"Q. What about the statement above that, 'Stores will break even for the first six months of operation and attain a projected operating income level thereafter.' Was that statement true?" [Referring to projections made by plaintiff.]

A. I tested that. That's what I was doing with some of this July 31st stuff. And I felt that this was a realistic projection. In fact, I thought that probably it was conservative in that I thought they could make a profit.

Understand what I mean by profits now. That the cost minus the expenses before any management allocation, et cetera, would, in fact, show a profit." (Emphasis added.)

A review of Yale Kramer's deposition does not support the trial court's finding that there was no issue of material fact as to whether the financial projections contained material misstatements.

The deposition testimony of defendants also raises inferences that these projections did not contain material misstatements which made them misleading. One of the defendants testified at his deposition that the offering circular produced on November 14, 1981, which contained the same financial projections at issue, complied with all applicable securities law. In addition, the accountants and the underwriters, as well as defendants, who claimed to be experienced in SEC matters, relied on these very projections throughout their dealings and in soliciting investors, without ever indicating that the projections contained material misstatements which made them misleading. Defendants' deposition and the reliance by all the parties involved, construed in the light most favorable to the nonmoving party, leads to an inference that the financial projections did not contain material misstatements. We conclude the trial court erred in finding that no genuine issue of material fact existed as to whether or not the financial projections contained material misstatements which made the financial projections misleading. Therefore, we must reverse and remand for further proceedings. Bauer v. City of Chicago (1985), 137 Ill. App. 3d 228, 484 N.E.2d 422.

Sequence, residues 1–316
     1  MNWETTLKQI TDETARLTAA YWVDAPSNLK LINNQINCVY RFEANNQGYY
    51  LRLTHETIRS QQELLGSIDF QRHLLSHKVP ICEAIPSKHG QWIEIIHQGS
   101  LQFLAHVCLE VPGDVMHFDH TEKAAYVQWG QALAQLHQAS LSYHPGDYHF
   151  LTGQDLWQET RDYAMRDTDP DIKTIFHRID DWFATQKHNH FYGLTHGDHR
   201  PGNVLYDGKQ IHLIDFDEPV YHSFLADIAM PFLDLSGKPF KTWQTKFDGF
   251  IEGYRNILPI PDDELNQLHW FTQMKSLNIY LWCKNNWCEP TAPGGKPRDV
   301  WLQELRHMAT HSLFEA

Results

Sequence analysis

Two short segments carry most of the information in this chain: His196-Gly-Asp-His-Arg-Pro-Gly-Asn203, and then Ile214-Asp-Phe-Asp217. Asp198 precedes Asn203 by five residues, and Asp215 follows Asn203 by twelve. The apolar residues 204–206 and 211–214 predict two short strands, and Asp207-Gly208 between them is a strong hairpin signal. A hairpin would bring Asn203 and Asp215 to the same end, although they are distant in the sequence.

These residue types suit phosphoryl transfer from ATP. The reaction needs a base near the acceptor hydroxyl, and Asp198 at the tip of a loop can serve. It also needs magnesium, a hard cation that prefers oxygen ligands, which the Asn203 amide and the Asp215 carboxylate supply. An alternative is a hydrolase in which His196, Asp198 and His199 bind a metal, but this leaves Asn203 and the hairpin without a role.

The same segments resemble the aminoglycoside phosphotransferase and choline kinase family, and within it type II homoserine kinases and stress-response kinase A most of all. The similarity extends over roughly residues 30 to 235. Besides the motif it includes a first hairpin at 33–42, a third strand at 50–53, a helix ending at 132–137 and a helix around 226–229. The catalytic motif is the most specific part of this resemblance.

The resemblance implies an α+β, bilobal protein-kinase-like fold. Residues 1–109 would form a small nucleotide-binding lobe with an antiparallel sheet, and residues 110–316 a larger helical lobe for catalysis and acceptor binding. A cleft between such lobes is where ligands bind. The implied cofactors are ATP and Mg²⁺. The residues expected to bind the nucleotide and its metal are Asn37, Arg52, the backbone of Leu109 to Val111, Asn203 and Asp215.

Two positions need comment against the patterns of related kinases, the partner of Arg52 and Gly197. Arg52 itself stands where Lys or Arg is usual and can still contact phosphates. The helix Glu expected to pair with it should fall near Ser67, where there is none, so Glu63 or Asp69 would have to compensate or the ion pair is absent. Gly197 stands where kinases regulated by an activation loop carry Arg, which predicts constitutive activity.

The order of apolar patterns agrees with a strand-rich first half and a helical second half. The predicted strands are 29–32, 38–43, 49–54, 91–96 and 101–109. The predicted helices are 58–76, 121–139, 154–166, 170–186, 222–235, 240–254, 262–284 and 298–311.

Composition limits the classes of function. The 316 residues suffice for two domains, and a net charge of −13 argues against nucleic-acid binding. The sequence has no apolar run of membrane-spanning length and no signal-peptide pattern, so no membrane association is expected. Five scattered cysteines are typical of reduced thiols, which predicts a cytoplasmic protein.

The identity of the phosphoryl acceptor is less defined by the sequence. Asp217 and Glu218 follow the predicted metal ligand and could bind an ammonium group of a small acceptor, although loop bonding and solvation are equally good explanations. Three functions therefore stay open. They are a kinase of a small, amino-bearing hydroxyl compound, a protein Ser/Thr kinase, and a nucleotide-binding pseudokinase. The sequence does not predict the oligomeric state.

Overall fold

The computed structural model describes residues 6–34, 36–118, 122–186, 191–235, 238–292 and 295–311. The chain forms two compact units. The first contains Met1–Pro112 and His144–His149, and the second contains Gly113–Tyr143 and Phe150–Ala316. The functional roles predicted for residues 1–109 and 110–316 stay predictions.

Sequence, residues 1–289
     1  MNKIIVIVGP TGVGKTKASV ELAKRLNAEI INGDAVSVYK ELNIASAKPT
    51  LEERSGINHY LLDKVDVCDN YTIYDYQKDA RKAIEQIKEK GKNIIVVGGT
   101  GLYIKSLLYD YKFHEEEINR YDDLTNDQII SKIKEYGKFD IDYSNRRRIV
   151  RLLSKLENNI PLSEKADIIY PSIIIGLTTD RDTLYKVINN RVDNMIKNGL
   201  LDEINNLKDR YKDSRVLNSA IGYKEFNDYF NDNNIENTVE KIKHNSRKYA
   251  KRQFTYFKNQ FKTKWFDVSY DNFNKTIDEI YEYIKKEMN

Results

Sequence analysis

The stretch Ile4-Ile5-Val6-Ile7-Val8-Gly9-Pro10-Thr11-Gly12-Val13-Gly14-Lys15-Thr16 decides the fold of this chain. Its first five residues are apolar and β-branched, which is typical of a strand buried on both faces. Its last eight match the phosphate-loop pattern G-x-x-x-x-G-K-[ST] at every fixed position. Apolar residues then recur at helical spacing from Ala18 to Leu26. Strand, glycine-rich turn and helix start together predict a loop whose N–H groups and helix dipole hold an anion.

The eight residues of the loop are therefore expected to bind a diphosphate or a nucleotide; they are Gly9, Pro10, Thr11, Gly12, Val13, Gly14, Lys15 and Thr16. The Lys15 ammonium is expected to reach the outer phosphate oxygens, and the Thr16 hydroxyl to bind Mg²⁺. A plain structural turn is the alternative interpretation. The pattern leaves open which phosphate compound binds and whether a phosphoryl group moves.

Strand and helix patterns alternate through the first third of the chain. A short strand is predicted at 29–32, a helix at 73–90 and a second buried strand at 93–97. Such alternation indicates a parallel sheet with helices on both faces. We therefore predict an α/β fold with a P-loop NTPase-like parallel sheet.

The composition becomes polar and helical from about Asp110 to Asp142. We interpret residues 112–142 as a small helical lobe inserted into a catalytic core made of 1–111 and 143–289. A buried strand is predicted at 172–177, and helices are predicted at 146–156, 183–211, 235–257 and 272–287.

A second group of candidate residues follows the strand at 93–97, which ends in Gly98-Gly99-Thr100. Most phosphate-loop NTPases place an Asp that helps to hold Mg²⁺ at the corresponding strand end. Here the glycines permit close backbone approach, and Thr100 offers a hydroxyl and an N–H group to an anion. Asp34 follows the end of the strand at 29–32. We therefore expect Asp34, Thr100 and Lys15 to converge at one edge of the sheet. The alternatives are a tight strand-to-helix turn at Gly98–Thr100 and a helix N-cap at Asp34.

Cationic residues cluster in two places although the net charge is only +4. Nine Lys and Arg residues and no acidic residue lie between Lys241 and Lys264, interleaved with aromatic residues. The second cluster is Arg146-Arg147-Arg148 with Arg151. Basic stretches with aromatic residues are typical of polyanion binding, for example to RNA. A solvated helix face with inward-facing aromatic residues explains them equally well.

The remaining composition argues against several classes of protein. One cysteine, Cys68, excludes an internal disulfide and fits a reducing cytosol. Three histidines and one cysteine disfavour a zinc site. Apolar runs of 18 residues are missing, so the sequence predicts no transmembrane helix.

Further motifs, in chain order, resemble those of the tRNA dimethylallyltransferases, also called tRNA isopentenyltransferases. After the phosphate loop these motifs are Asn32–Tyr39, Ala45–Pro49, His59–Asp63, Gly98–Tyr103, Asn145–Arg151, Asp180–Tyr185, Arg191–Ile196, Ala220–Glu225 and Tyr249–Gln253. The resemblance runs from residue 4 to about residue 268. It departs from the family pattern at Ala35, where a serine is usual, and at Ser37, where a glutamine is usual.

Although we conclude that the trial court committed reversible error in finding no genuine issue of material fact, the last issue concerning the proper application of SEC Rule 10b -- 5 is likely to arise again at trial. We, therefore, address this issue. Section 10b, which applies to both buyers and sellers, makes it "unlawful for any person . . . [to] use or employ, in connection with the purchase or sale of any security . . ., any manipulative or deceptive device or contrivance in contravention of such rules and regulations as the Commission may prescribe as necessary or appropriate in the public interest or for the protection of investors." (15 U.S.C. § 78j(b) (1982).) Pursuant to its rulemaking power under this section, the SEC promulgated Rule 10b -- 5, which now provides: